April 26, 2016 – Vicki Pero – Insights

Build Your Training Delivery Skills with These Three Tips

3d people - human character , person with pointer in hand close to blackboard. Concept of education and learning. 3d render illustration We all know what it’s like to participate in a training session that is interesting and engaging versus painfully boring. Facilitators are often assigned this responsibility in addition to their “day job” duties, so no wonder many of them aren’t exactly sure what to do to make the session interesting. Developing and delivering training programs for our clients is a core service we provide at the Marlyn Group, and we maintain high standards that what we produce is relevant and actionable for companies and individuals alike. If classroom based facilitation is or soon will be part of your job, use these three tips to be more effective.

  1. Know your content. There is no worse feeling than standing in front of a room full of people, preparing to move to the next slide in your power point deck and having no idea what’s waiting for you on the other side of that click. The more prep you do before your training session, the easier it will be. Thoroughly review your content, and think of what you will say. It’s okay to use notes to plan out your delivery, but on the day of the actual event, leave your notes behind to avoid reading from them instead of truly facilitating. As you get closer to your session, practice in front of a mirror or another person, and if you aren’t able to do this without notes, you definitely won’t be able to do it during your session either.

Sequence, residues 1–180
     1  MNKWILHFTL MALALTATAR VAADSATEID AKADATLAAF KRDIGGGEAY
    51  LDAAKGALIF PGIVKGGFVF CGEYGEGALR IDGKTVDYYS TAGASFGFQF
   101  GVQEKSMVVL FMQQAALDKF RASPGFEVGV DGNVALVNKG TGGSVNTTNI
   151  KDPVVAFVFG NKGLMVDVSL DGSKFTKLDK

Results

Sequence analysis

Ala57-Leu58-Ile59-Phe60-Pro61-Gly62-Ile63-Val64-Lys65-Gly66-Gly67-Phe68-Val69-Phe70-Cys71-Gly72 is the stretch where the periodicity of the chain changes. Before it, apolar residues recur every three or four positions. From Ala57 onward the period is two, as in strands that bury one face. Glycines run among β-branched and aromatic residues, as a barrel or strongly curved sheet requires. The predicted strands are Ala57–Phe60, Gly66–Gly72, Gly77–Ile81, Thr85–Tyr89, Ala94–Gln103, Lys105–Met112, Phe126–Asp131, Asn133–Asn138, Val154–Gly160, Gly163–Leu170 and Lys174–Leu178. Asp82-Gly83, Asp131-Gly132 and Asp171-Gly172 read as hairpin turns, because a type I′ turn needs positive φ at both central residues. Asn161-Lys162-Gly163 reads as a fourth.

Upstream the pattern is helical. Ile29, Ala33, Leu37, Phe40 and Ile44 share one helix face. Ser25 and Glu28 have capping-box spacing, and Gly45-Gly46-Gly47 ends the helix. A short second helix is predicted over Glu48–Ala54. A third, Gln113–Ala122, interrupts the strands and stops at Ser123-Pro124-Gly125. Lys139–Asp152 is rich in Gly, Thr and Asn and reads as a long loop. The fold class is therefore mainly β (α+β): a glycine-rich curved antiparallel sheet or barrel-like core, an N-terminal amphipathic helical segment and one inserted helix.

2. Start and end on time. This seems like a simple tip, but so often sessions start late or run long. It’s extremely frustrating for adults when session start and end times aren’t honored. You can come across as disorganized or not being respectful of their time when this rule is broken. Keep a time keeping device such as a watch or phone near you and monitor it as the session progresses.
  3. If something is important, explain why. Facilitators like to use the word important to emphasize critical points within a training session, which is perfectly fine, but be prepared to follow up by explaining why this is true. Adults like to decide for themselves if something is important or not, and you can help them do this by providing the logic behind any given statement. If something is truly important, it will be easy to answer this question and connect back to a business driver or process.

If you’d like to explore ways we can help you with your training and employee development needs or just want to have a chat about options, feel free to reach out to The Marlyn Group at letsconnect@marlyngroupllc.com.